Besides, the share button in Facebook or the retweet button in Twitter does not come with a price tag!

P.S You can start it by sharing this post 🙂

Thanks for reading 😀

And please do comment if I missed out anything important from the event.


Rizasa ❤

Happy New Year Nepal!

3…2…1… HAPPY NEW YEAR!!!

A couple of claps and the echoes of screams around the valley welcomed 2074 with a warm hug. A rocket pataka was to be seen in a far distance which exploded just below the shining moon.

We couldn’t have ended 2073 in any better ways.


And Nepal couldn’t have started 2074 in any other better ways.

Well, when I was small and when unfortunately I had to travel through the chaotic and crowded public transportation with irritating sounds of horns now and then. I so much wished that a Genie would appear out of nowhere and grant me three wishes.

First, would be of course to have a limited number of passengers in a public vehicle i.e. not more than the capacity of the seats. Second, Please Genie smash all those vehicles producing that dark, polluting air. And Third, Take all those bikes and vehicles pressing that infuriating horn even when knowing that pressing the single button won’t lessen the traffic or broaden the lane.

Now, after 10 years, I finally feel that the Genie really listened to me. However, he was a little miser; fulfilling only my last wish. But, yeah considerable!

The sounds of the soothing horns and the aroma of the black perfume from the vehicle’s really helped us to relax after an exhausting day. And may I not say about the overcrowded vehicles. Oh! What a massage therapy it was.

Packed micro bus old bus park
Packed micro bus old bus park
Dear Nepal, I am going to extremely miss these therapies in 2074. JK 😛

Well, what I really want to say is that those three wishes aren’t only the “Fancy wishes” of an eight year old child; those wishes were of every common Nepali who travels through public vehicles to work, from work, to school and back from the school.

With 2074, Nepal has welcomed new traffic rules; better ones actually. Once in a blue moon, we get to see our government doing something good. Now, it is upon us if we really execute it into action or let it fade away like a Genie does after granting the wishes.

Happy New Year Nepal!


Rizasa ❤

Shivaratri Service Camp; A new chapter in the book of scouting!

Scout is a book and going to camps is always an interesting chapter; especially, when it is service camp. We get to meet different people, undertake new responsibilities, deal with public and face new challenges of life. And these lessons are worth taking.

Today, I woke up as an early bird with a smile on my face because I knew this day was going to be awesome, dressed up in the legendary ‘green sari’ and set off for Pashupati. Pashupati, regardless to say, was very brimful.

The devotees, saints, volunteers and Medias were all over the temple.

We had duty right in the front gate of the temple. And I must say, this time was easier than the times when we used to have duty inside the temple. Haha.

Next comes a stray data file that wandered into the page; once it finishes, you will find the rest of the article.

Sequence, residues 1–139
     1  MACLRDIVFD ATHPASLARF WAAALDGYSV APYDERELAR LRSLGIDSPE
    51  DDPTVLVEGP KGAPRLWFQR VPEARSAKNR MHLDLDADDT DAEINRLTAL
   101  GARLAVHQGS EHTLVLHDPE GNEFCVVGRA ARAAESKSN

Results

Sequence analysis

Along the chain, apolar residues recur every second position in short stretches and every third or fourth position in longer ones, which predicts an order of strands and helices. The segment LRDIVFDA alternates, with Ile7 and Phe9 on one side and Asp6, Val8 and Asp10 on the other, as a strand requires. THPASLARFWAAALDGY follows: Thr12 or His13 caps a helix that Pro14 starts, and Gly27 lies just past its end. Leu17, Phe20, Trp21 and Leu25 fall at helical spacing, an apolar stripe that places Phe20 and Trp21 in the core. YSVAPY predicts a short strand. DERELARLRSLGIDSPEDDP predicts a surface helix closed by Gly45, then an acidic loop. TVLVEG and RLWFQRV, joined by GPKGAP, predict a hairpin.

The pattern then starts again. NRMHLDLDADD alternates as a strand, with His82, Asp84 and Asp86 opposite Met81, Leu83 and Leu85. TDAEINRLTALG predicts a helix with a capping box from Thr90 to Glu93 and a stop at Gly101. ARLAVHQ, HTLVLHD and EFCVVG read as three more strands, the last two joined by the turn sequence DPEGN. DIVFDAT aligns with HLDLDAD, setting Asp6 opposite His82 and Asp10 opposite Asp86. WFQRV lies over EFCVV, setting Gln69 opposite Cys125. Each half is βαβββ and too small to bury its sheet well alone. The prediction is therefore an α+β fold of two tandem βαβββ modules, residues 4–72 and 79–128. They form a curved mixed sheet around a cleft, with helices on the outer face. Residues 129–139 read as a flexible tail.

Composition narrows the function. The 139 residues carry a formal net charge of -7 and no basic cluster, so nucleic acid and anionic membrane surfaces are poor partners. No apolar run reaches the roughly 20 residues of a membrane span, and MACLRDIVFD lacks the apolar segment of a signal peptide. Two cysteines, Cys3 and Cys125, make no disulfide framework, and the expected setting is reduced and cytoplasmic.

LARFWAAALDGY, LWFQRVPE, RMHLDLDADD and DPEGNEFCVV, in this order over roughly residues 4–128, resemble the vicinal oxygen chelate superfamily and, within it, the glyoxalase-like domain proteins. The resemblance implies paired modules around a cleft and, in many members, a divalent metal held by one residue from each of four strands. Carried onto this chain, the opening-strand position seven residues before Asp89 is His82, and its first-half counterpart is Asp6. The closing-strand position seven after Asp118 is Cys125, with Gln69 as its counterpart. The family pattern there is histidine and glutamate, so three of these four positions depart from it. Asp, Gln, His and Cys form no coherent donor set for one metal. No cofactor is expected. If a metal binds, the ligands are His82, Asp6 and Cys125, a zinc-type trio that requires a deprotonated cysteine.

Sun was shining bright putrefying our body, the psalms were playing loud, and the crowd was bustling. But still there was calmness on our hearts because we were there to service, to volunteer and  to make that place convenient for everyone.

Although this was not my first time to shivaratri camp, but today was totally a new experience for me. Arranging the lines, supporting the disabled, helping the old ones and coordinating with other volunteers was all about today.

At times, my legs were shivering, my throat was dying for water, the scorching heat of the sun was shining on my forehead but every time I helped someone and when they smiled at me and said “Thank-you Nani”, a new me would generate and every energy that I had lost would automatically restore. A smile would crawl on my face and I would feel complete.

Well, dealing with public is hard, I know. Especially when the public is the crowd who have waited in line since the dawn; starved and tired, but this is what scouting is. Facing the challenges, handling it with a smile and then looking back to see that you have made a difference. This is the happy moment.

And obviously, seeing yourself in the news channel is happier than that. Hahaha.



‘Ready Enough’ To Start Blogging

Well today was a chaotic day, from protestors’ motorcade (bikecade would be appropriate) to giving up hope on getting home and then finally boarding a bus of another route (Because that was the only available),I sigh off gazing outside the bus window; thinking about the worse things that could have happened, the narrow escape I could have made  and all those impossible things.

“Hey you can write about this! What a great plot it will be” a voice echoed.

“Really?” I doubted myself.

This took me 2 years back.

“I love your stories. Why don’t you start blogging?” a friend of mine was suggesting.

“Me and blogging?” I was not confident.

“Yes! So that you can share your stories online to everyone.”

“That’s a good idea. But I am not ready enough.”

Now, two years after when I think of it, I ask myself “When will I be ‘ready enough’ then? When I haven’t written a complete story for more than a year and suddenly a plot comes into my mind and I am not ‘confident enough’ to write it?” Or “when age dies and along with it my passion for writing dies?”

Well, if i kept waiting to be ‘ready enough’, i will be waitinhg for the rest of my life,

So, now I think I am ‘ready enough’ to start a blog and this led me to tell a story!

I will be telling a new story every friYay on the territory of stories.